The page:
American commentators reacted to the news pretty much the way the audience at Radio City did. “In one leap, German culture has bounded back to the Twelfth Century,” remarked the Philadelphia Inquirer.6 NBC radio correspondent Max Jordan condemned the torching of “the very intellectual foundations of a once proud nation” by “the deadly attack of a yelling mob.” Columnist Walter Lippmann was appalled, but confident that the invention of the printing press prevented any government, no matter how savage, from extinguishing “the intellectual heritage of mankind.” He hoped the bonfires would be quenched by “the cool waters from the springs of human decency,” but feared, prophetically, that only “the blood and the tears of men” would ultimately douse the flames.7 Time, never a magazine to resist the chance to coin a neologism, called the incineration a “Bibliocaust.”
Constant reviewing soon imprinted the newsreel footage of the book burning onto the American imagination. Two pioneering anti-Nazi films, the documentary Hitler’s Reign of Terror (1934) and the docudrama I Was a Captive of Nazi Germany (1936), each unspooled extended footage from the bonfire newsreels. “No such acts of barbaric vandalism have been recorded in modern history,” intoned narrator Edwin C. Hill in the former. “The destruction was aimed primarily at the Jews who had furnished some of the greatest names in the world’s literature.” The bonfire was also re-staged in Hollywood feature films—allegorically in The Life of Emile Zola (1937), when a French mob tosses copies of Zola’s J’Accuse! into a bonfire; and literally in The Mortal Storm (1940), when a gemütlich college town succumbs to the Nazi fire fever.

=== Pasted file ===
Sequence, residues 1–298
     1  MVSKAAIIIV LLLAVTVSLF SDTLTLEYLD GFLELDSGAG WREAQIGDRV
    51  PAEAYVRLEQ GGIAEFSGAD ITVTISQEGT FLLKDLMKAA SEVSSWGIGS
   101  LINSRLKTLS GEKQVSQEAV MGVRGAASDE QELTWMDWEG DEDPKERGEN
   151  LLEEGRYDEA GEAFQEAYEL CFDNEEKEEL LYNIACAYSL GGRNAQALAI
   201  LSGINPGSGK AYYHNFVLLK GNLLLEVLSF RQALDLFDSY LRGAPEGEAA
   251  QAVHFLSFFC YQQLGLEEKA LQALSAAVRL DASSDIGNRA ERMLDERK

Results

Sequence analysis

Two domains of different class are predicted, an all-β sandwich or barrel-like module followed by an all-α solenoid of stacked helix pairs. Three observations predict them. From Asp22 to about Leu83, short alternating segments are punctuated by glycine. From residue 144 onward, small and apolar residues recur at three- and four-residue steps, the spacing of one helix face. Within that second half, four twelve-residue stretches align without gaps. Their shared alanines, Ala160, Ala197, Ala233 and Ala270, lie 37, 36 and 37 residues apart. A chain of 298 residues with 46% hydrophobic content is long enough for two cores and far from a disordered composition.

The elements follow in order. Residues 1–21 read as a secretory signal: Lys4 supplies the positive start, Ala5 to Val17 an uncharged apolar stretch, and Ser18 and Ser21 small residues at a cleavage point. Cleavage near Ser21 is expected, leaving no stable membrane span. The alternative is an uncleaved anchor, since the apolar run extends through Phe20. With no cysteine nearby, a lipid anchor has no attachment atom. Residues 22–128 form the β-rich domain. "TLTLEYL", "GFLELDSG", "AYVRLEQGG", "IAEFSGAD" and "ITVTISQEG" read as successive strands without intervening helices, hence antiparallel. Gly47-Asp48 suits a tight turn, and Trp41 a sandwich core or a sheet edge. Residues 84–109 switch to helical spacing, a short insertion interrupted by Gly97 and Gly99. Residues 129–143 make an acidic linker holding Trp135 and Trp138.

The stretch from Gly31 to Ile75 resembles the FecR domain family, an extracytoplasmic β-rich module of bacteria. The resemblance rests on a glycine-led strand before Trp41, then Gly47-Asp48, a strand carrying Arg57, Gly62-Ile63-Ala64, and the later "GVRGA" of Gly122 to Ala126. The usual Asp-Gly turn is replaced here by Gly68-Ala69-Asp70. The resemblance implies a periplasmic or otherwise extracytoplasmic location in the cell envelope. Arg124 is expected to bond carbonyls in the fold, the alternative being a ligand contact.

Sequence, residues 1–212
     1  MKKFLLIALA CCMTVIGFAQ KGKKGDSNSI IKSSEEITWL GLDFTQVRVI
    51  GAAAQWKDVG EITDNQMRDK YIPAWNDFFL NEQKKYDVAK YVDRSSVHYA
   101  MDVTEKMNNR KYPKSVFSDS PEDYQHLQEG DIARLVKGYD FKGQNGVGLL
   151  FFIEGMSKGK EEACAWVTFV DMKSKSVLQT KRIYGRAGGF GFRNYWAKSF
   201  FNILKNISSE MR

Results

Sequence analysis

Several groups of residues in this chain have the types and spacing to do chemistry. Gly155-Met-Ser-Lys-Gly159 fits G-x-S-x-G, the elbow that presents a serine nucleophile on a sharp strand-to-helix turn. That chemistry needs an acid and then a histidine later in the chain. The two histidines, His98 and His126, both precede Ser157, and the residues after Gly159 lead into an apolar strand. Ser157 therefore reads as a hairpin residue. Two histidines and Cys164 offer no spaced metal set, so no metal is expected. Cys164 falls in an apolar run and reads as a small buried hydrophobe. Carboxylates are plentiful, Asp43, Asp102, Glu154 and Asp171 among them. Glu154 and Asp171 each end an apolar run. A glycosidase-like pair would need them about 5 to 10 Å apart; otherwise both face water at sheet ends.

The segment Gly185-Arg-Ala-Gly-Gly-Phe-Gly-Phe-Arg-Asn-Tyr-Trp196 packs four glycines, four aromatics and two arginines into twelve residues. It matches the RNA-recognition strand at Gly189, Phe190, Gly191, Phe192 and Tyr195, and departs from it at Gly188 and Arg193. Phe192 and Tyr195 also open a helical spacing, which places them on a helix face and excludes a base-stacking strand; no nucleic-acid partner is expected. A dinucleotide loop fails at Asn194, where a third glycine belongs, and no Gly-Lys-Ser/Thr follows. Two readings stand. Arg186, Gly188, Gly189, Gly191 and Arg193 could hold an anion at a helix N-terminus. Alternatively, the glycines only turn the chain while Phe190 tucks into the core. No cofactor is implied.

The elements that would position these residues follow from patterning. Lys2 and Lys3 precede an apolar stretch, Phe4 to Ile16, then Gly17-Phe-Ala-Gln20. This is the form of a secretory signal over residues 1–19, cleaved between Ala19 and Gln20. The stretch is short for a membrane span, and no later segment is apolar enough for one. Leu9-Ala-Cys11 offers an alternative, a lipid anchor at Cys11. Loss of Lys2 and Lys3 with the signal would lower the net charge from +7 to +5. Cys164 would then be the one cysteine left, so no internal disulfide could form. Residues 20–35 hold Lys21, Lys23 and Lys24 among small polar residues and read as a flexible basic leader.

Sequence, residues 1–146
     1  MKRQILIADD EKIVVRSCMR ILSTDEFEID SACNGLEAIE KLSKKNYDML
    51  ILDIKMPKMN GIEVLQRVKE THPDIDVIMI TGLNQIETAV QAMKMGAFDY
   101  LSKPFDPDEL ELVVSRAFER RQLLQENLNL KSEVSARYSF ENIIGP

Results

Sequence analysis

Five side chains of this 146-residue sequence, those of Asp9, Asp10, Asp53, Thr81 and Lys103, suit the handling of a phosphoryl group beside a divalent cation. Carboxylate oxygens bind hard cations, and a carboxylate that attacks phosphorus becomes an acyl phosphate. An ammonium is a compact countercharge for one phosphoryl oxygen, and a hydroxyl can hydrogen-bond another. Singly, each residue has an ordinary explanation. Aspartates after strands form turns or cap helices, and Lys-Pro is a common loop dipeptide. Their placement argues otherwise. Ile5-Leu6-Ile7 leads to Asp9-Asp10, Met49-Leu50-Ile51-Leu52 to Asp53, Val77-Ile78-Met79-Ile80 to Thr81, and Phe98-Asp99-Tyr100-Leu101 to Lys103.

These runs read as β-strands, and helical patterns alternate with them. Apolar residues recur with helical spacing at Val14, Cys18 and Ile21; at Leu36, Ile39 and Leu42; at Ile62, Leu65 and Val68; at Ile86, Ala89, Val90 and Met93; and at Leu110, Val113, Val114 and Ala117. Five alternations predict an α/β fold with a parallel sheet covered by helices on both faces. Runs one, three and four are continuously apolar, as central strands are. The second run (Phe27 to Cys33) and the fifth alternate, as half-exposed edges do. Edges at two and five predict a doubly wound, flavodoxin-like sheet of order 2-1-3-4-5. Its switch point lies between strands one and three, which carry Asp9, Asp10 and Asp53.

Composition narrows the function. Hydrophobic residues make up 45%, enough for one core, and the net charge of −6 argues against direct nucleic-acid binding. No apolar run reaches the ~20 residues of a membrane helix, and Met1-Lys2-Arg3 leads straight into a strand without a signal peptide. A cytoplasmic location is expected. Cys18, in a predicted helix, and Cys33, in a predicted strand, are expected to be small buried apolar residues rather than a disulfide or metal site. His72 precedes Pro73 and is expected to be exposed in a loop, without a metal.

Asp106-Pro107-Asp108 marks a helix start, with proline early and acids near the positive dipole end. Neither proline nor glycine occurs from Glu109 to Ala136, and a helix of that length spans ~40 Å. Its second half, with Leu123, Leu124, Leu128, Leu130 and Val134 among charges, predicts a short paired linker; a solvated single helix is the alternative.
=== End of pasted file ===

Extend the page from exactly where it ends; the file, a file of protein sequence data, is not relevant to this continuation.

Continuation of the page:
By WWII, newsreel scenes of the Nazi book burnings were serving as an all-purpose signifier of all that was anti-intellectual and barbaric about Nazism. In Prelude to War (1942), the first episode of Frank Capra’s seven-part Why We Fight series, the by-then familiar footage was jazzed up with close-ups of the book covers superimposed over and sucked into the flames of the pyre. “Over here, John Q. still read what he pleased,” narrator Walter Huston reminds his wartime audience.